The Intermediate-Range Nuclear Forces treaty, signed by the US and Russia more than 30 years ago to limit the deployment of medium-range nuclear missiles, may be living its last few days after President Donald Trump said he would "terminate it."
Trump's announcement was condemned by Russia and US allies alike as concerns of a new fully-fledged arms race between the two countries flare up.
Here's everything you need to know about the INF treaty.
What's the INF Treaty?
The Soviet Union achieved strategic parity with the US in the mid to late 1970s and started developing missiles that were more mobile, accurate, easily deployable and concealable and that could cover targets in Western Europe, North Africa, the Middle East but also Asia, Southeast Asia and the US state of Alaska.
They thus ushered in "what was perceived as a qualitative and quantitative change in the European security situation," according to the Intermediate-Range Nuclear Forces (INF) Treaty.
Signed in 1987 by Russia's Mikhail Gorbachev and America's Ronald Reagan, the INF Treaty required the US and Soviet Union to eliminate and permanently commit not to develop nuclear and conventional ground-launched ballistic and cruise missiles with ranges of 500 to 5,000 kilometres.
By June 1, 1991, the implementation deadline, the two countries had destroyed a combined total of 2,692 short-, medium-, and intermediate-range missiles.
Are there violations?
The US first raised concerns about a possible Russian violation of the treaty in 2014, and repeated such claims in subsequent years. It affirms that the country's 9M729 missile can fly more than 500 km.
NATO announced in December that allies had "identified a Russian missile system that raises serious concerns," urging Russia to engage in bilateral dialogue with the Alliance.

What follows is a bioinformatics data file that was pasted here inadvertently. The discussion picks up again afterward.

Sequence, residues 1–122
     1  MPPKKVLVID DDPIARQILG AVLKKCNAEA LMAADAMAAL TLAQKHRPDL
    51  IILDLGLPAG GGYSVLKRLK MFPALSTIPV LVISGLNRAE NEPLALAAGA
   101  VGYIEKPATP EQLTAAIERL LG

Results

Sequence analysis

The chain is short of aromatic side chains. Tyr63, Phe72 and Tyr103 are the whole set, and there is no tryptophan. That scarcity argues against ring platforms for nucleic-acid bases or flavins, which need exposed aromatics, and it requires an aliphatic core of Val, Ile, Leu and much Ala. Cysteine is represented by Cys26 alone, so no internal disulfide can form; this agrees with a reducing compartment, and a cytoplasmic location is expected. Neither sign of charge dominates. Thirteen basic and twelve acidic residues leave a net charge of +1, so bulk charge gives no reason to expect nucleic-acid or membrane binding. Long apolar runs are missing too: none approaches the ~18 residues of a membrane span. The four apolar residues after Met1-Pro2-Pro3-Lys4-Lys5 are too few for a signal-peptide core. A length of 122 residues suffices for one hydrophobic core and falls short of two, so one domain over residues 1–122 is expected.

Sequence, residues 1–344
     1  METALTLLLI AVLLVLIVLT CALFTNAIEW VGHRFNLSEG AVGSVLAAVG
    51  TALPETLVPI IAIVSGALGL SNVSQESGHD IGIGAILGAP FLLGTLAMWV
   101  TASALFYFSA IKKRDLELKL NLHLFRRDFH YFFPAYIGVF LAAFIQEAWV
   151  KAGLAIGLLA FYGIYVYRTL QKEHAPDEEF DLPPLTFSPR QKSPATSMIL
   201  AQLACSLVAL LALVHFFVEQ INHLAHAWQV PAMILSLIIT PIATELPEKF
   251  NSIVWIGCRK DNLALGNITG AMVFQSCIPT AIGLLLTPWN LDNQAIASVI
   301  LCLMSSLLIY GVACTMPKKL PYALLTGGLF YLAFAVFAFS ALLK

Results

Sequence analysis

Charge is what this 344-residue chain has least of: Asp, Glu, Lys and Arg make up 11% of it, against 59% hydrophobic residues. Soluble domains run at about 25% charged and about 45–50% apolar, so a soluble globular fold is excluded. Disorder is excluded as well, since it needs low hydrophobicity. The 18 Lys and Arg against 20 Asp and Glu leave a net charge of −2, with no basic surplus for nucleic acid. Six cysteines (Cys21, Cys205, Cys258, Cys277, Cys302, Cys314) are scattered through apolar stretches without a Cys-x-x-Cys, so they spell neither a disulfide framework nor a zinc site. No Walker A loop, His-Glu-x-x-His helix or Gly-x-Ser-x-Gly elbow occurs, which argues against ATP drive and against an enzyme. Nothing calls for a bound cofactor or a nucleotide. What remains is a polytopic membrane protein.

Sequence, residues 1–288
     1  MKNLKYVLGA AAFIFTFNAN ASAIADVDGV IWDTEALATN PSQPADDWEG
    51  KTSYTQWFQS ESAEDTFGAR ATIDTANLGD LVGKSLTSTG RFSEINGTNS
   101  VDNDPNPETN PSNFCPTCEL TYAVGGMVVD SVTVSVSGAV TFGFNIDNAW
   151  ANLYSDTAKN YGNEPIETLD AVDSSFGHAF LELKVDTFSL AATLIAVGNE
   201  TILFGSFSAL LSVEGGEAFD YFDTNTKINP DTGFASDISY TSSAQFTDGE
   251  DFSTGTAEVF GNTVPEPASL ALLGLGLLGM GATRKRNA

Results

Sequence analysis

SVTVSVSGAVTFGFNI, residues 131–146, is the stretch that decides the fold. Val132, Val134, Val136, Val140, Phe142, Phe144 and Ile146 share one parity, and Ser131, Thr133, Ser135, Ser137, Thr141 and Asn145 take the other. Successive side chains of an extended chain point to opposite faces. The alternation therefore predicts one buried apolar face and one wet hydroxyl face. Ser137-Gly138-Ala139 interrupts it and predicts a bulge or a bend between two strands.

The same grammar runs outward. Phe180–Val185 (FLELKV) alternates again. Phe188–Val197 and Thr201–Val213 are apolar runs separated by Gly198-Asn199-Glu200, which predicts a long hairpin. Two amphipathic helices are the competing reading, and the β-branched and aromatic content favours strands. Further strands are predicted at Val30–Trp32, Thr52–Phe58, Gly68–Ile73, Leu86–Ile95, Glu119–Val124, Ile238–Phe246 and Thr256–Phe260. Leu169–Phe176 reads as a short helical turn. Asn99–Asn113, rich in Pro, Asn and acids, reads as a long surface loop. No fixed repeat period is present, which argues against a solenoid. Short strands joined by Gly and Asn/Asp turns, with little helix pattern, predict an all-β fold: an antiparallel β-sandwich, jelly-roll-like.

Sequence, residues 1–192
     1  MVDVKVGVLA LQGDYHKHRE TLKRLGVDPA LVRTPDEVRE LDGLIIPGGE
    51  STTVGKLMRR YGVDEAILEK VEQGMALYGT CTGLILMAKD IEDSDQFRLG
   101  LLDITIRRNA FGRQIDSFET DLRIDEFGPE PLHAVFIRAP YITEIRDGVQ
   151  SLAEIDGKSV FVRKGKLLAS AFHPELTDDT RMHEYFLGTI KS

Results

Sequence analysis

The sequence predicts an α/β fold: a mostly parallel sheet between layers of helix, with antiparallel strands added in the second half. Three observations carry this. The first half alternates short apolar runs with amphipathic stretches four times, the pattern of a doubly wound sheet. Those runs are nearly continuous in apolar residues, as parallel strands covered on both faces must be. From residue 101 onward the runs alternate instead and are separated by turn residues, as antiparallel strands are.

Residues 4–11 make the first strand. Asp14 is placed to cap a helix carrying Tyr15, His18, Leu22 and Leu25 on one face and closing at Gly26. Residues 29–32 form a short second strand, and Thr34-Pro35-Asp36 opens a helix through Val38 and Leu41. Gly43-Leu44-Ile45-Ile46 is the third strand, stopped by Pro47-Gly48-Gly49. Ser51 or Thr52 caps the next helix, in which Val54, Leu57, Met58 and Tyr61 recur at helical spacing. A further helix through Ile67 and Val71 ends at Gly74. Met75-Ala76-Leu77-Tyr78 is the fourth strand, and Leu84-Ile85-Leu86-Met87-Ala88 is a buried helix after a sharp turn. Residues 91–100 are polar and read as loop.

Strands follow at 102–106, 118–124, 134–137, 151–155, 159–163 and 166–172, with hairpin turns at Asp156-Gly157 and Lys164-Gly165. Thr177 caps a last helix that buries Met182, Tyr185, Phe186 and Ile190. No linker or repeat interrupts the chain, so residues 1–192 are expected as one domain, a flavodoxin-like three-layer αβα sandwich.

"Allies emphasise that a situation whereby the United States and other parties were abiding by the treaty and Russia were not – would be a grave and urgent concern," the NATO statement said.
On Saturday, US president Donald Trump ramped up tensions, telling reporters after a rally in Nevada: "We're going to terminate the agreement and we're going to pull out."
"Russia has violated the agreement. They've been violating it for many years," he said, adding: "I don't know why President Obama didn't negotiate or pull out."
Russia, which denies that it is in violation of the treaty, has also lobbed accusations at the US, arguing that the Aegis Ashore missile defence system activated in Romania and Poland is capable of firing long-range cruise missiles.
Sergey Ryabkov, Russia's deputy foreign minister, described Trump's announcement as a "very dangerous step" and called on "Washington to show a balanced and sober approach."
What withdrawing would mean?
"Some Russian politicians think that Russia would benefit from the US withdrawal from the agreement,"Alexander Golts, a Russian military analyst, told Euronews.
These politicians, Golts explained, believe Russia is at a disadvantage because other countries have intermediate-range missiles.
But the analyst also warned that it could be the beginning of a new arms race between the two countries in which, if the US accusations are true, "for the first couple of years, Russia would be ahead."
"As for a fully-fledged arms race, the withdrawal from the INF agreement is but a beginning: the New Start Treaty (preventing the development of strategic nuclear missile launchers) is also in danger.
"It might not happen right away but in some time we will be back to the situation in the 1980s when over 2,000 Soviet Pioneer missiles were capable of hitting Bonn, Paris, London but couldn't reach Washington or New York — and the American Pershing missiles could destroy Russia's most important cities within six-seven minutes.
"Thirty years on, if the INF is destroyed, we will be back to that," he said.